One-Eyed Jalapeño Poppers Recipe
Jalapeño Poppers are great appetizers. While standard restaurant jalapeño poppers are usually breaded and fried, my outdoor version is grilled and much more flavorful. This appetizer is a big hit with people who like a little bit of heat in their food, but you can remove most of the heat to accommodate wimps if you wish.
There are many variations on grilled jalapeño poppers. Most call for wrapping the halved jalapeños with bacon and holding it in place with toothpicks. That's too much of a pain for me, and the dripping grease can put all kinds of soot on things. So I just put the bacon in the filling. Another problem with most recipes I've seen is that the cheese melts and oozes out. I've solved the problem by using a pimento-stuffed olive as a plug. Hence the name "One-Eyed Jalapeño Poppers". The olive is not only functional, it tastes great.
Jalapeños are chile peppers with a measurable amount of heat, but they are not too hot for most folks. The cool part (pun intended) is that the best way to extinguish capsaicin heat is with cooking and dairy fat. Cooking somehow disarms jalapeños, and the cheese in this recipe not only tastes good, it also helps control the fire. If you remove the seeds and ribs, you can remove 90% of the heat if you wish, and the flavor is wonderful. They are great with cold beer.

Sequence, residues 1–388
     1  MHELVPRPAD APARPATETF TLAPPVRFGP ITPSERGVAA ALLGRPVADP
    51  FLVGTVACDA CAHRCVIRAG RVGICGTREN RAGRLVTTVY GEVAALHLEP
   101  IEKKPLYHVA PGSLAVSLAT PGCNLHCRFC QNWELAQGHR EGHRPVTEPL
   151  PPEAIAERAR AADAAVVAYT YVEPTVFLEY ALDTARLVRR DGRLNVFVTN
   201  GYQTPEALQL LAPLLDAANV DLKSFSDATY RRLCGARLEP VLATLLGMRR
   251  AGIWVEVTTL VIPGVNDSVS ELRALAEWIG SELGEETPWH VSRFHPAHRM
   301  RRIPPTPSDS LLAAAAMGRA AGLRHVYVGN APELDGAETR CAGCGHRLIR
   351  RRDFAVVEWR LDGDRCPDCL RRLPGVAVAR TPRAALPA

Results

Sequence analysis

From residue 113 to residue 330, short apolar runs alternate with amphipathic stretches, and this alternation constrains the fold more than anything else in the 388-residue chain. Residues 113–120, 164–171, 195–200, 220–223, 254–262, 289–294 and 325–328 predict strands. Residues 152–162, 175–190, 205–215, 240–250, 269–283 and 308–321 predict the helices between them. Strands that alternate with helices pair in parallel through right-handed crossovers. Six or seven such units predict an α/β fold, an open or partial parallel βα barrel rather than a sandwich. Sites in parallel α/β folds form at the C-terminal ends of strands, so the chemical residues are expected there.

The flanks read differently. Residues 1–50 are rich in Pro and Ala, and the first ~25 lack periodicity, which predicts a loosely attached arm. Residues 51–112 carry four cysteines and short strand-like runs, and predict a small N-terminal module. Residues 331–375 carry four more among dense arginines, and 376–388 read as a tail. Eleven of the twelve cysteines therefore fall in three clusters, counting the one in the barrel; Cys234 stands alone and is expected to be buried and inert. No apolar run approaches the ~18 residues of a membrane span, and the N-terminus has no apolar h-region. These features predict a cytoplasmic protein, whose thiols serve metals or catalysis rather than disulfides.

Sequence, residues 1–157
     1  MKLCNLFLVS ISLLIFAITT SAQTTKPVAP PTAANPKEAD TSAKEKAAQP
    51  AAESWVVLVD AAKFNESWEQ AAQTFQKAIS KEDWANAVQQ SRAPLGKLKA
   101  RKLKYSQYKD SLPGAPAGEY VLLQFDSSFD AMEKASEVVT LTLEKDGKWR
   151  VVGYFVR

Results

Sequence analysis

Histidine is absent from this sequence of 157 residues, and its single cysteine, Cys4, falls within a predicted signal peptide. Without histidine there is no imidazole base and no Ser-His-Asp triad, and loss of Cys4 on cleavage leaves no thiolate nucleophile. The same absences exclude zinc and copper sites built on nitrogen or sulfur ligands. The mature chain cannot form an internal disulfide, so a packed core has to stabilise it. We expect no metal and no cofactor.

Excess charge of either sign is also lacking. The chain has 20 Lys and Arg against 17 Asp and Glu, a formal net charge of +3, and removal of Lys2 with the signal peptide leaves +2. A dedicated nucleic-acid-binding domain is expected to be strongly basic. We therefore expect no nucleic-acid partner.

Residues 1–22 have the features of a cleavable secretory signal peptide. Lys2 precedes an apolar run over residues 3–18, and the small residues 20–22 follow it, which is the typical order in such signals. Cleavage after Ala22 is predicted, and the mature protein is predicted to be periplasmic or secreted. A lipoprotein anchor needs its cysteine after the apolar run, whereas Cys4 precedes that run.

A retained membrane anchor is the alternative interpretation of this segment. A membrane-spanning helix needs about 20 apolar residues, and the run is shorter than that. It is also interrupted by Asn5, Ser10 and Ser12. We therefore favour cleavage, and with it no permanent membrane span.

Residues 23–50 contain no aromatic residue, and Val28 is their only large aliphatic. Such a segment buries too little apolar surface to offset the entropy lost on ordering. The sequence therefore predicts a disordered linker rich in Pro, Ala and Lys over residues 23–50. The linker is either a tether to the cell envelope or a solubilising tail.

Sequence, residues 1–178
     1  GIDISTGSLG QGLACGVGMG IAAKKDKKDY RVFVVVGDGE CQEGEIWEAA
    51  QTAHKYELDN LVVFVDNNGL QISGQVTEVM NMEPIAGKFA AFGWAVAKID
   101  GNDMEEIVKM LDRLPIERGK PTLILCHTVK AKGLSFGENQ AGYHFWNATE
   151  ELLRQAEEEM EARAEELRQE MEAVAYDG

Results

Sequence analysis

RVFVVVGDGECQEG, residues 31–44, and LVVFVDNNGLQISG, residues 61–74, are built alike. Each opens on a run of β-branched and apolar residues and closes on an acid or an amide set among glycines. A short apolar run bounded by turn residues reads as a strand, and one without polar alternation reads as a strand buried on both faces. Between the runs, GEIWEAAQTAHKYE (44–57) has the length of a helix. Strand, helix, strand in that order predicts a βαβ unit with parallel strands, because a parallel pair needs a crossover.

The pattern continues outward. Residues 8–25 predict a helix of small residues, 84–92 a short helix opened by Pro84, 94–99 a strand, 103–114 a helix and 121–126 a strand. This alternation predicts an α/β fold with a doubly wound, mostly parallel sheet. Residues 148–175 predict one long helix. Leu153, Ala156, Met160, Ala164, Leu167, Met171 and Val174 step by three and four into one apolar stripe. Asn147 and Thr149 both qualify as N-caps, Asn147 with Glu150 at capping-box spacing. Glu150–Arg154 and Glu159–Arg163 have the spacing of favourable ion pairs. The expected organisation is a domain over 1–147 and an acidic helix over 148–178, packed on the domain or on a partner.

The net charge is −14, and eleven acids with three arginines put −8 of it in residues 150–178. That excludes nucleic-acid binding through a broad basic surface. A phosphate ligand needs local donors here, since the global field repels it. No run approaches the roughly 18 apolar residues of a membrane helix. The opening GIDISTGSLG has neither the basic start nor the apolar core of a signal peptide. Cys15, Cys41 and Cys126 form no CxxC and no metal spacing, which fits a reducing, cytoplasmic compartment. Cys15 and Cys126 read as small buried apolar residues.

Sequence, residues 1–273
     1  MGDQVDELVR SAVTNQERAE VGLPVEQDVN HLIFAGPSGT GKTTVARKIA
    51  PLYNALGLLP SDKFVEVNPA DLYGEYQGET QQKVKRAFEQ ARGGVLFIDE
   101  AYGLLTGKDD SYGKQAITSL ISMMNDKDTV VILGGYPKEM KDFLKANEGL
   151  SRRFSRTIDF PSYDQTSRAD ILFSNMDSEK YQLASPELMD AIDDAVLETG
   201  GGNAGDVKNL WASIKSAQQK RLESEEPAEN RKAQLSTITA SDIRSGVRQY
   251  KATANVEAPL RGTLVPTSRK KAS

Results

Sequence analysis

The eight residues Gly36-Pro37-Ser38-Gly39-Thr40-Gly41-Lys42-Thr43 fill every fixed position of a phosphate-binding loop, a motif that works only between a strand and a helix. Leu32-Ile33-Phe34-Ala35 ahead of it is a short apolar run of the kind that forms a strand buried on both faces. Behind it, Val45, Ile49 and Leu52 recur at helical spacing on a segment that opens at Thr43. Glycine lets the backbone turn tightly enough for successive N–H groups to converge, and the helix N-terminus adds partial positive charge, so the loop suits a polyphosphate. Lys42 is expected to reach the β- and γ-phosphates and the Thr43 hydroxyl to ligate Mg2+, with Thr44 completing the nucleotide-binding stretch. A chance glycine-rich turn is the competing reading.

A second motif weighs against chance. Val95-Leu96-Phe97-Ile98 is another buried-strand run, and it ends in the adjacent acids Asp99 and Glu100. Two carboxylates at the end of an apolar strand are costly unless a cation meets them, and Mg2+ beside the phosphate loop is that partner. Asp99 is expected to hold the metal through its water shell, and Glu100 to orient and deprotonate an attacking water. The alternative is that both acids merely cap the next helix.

Makes. 24 pepper halves
Option. Cook 6 strips of bacon until crisp. Let it cool, crumble it into small bits, and mix it into the stuffing. Or try a little leftover pulled pork in the mix. Or go upscale and mix some crab meat into the stuffing.
Option. Try replacing the cheddar with blue cheese, mozzarella, jack, queso quesadilla, or queso asadero.
Option. If you like things really hot, use habanero peppers.
2) Put on kitchen gloves to work on the peppers. With a thin sharp filleting or paring knife, cut the stems off and discard them. Then cut them in half lengthwise. Run the blade along the inside wall of the pepper removing the seeds and the white ribs. If you like hot stuff, leave the ribs in.
3) Spread the cheese mix into the peppers, but not so much that it will overflow when cooking. Put an olive at the stem end, to act like a plug and help keep the cheese in when it melts. Sprinkle the paprika on top.
Option. You don't have to cut them in half. You can just cut off the ends and remove the innards with a potato peeler and stuff the whole pepper. The olive in the end will keep the cheese inside.
4) Fire up the grill and cook over a low heat or indirectly until the the cheese melts and the pepper bottoms get a little brown. Try not to let the peppers go limp, they're better with a little crunch. Remove gently and let them cool a bit before serving. They are also fine at room temp or right out of the fridge. Make sure you have plenty of cold beer on hand.
Option. Try smoking them at about 225°F for 30 minutes.
This page modified 8/5/2007
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